Efficacy of atropine 0.01% for myopia control in a randomized, placebo-controlled trial depends on baseline electroretinal response

study design

The current study adopted a double-blind, randomized, parallel-group, placebo-controlled design to investigate MOFO mfERG as a predictor of response to atropine 0.01% for myopia control, as well as the efficacy of topical atropine 0.01% on overall myopia progression in school-aged children (ClinicalTrials.gov Identifier: NCT03374306, first recorded 12/15/ 2017). Trial registration information is available at https://clinicaltrials.gov/ct2/show/NCT03374306. The primary endpoint of the study was annualized change in equivalent spherical refraction (SER), and the secondary endpoint was annualized change in axial length (AL). The relationships between baseline retinal electrophysiological response and SER and AL were also analyzed such that baseline MOFO mfERG interaction with atropine treatment was assessed. All procedures followed the principles of the Declaration of Helsinki and were approved by the Human Subjects Subcommittee of Hong Kong Polytechnic University. This study followed the guidelines of the Consolidated Test Reporting Standards (CONSORT).

Study population

The study was announced and recruitment invitations were sent to parent groups outlining the details of the clinical trial. Prior to any study-specific procedures, written informed consent and verbal consent were obtained from parents and participants, respectively. Participants were 7 to 10 years old (inclusive), had an SER between -0.50 D and -5.00 D inclusive, and an astigmatism error of less than 1.00 DC. Participants were required to have normal visual acuity with best correction (LogMAR 0.00 or better) and normal color vision. Any strabismus, amblyopia, ocular or systemic disease and history of epilepsy were excluded.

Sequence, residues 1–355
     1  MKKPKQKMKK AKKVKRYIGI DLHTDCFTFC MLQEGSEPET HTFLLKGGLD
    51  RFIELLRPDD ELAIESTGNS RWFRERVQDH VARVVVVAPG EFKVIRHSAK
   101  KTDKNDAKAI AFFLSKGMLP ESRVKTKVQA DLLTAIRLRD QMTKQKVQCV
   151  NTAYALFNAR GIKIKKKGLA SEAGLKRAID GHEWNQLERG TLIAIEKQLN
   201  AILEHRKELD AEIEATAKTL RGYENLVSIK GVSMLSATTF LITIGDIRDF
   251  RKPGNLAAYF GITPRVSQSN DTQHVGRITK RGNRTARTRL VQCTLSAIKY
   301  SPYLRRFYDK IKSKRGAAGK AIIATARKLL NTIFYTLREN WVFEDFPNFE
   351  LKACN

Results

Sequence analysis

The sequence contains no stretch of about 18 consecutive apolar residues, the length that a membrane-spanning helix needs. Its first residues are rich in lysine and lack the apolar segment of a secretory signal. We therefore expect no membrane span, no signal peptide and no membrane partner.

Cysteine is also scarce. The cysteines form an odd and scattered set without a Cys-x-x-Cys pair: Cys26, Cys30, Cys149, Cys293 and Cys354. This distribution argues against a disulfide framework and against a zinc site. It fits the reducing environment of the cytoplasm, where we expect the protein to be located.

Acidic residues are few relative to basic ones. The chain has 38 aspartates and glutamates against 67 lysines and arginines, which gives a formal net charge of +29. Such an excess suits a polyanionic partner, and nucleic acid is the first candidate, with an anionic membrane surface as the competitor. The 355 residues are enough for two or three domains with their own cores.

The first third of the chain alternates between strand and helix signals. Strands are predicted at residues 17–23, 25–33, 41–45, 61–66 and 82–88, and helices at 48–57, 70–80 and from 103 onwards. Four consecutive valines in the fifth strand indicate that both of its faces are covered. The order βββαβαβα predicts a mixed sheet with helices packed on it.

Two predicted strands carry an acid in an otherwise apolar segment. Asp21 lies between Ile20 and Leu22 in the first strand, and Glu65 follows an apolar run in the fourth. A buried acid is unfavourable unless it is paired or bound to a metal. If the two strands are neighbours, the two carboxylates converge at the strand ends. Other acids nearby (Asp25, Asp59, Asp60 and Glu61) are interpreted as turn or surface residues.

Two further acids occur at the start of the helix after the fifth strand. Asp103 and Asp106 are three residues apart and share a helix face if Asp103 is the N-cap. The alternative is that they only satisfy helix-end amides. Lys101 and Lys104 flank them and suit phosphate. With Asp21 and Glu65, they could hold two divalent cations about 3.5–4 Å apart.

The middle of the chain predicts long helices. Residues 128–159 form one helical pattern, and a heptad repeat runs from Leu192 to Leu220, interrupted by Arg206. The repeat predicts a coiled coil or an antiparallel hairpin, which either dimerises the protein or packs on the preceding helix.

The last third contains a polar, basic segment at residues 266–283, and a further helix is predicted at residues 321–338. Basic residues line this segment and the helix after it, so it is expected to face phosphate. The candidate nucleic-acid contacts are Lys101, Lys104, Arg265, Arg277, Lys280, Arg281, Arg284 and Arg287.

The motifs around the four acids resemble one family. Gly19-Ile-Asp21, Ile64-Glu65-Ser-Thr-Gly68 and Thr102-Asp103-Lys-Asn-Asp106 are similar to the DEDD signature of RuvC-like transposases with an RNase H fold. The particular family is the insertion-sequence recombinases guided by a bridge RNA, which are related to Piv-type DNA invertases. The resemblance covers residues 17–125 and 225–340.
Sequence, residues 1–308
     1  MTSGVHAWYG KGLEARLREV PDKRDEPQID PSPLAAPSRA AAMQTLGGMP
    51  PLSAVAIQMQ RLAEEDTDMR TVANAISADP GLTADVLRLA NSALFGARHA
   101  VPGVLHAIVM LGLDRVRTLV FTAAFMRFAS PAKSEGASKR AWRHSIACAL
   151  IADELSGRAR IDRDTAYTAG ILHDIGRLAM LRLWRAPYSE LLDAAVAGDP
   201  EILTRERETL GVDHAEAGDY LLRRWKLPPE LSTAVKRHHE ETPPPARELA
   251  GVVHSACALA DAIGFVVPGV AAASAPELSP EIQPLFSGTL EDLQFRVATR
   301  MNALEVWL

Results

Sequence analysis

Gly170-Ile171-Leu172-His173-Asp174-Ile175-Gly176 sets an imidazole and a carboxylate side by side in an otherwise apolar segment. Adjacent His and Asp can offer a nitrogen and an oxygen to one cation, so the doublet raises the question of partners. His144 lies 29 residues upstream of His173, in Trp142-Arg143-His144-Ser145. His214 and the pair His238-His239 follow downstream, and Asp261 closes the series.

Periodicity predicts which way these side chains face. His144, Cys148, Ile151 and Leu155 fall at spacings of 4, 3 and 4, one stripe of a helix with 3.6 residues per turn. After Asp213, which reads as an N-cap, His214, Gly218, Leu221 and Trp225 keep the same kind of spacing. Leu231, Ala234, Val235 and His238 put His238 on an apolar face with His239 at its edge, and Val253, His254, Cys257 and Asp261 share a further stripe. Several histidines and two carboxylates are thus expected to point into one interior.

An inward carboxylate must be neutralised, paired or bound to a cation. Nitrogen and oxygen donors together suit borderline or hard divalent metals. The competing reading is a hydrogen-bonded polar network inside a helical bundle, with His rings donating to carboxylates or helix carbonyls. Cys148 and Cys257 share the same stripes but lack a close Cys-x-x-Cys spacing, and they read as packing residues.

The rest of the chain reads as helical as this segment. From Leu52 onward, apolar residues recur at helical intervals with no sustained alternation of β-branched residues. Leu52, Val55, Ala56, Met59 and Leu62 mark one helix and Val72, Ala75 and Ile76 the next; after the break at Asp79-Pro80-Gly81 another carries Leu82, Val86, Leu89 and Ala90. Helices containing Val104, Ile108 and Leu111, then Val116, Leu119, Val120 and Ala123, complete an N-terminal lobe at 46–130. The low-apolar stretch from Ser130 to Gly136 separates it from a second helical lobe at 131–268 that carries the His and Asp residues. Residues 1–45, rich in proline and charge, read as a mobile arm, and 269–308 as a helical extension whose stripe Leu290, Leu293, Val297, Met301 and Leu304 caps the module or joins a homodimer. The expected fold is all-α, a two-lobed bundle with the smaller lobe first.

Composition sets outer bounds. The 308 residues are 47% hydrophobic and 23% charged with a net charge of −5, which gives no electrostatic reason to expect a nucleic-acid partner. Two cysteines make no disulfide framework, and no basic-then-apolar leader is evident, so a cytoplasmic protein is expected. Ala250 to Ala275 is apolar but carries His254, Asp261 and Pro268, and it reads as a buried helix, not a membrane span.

Randomization, masking and intervention

After confirmation of eligibility, all participants were randomly assigned in a 1:1 ratio to 0.01% atropine or placebo treatment. The randomization process was conducted using a computer-generated random sequence by one investigator (HHLC) while all other investigators and participants were masked. Atropine eye drops, manufactured by AIM (Aseptic Innovative Medicine Co. Ltd, Taiwan), contained 0.01% atropine, while placebo eye drops contained 0.9% sodium chloride. All packaging was the same for atropine and placebo eye drops to keep participants and other investigators masked. Participants were prescribed a dose of single-dose eye drops over 3 months quarterly and instructed to instill the assigned eye drops once daily in both eyes.

Sample size and power

In a previous study with low concentration atropine, the annual rate of myopia progression (mean ± SD) under 0.01% atropine and placebo control was −0.49 ± 0.63 D and −1.20 ± 0.69 D, respectively, which equates to an effect size of 1.0720. Therefore, 24 participants per treatment group were required to provide 95% power (5% type I error, two-tailed test). Assuming a dropout rate of approximately 20% throughout the study period (based on prior experience), the minimum enrollment goal was 60 participants.

Study procedures

Baseline and follow-up eye examinations were performed at the Hong Kong Polytechnic University Optometry Research Clinic, including refraction, axial length, and mfERG (KYC, WYY, and SZCL) assessments. Additional visits to the eye clinic at Grantham Hospital in Hong Kong were arranged for eye consultations (ALN, BLC or JCHC) and collection of pre-assigned eye drops (atropine 0.01% or placebo). Participants and their parents were instructed to instill 1 drop of the assigned eye drops in both eyes once every 24 h. Participants were asked to return to the hospital eye clinic every 3 months and to the university optometry clinic every 6 months throughout the 18-month study period. Recruitment began in February 2018 and the last follow-up visit was completed in May 2020. Due to COVID-19 related lockdowns, a notable proportion of follow-up assessments were completed outside of the pre-visit window. -specified, which was explained by calculating the annualized variation of SER and AL.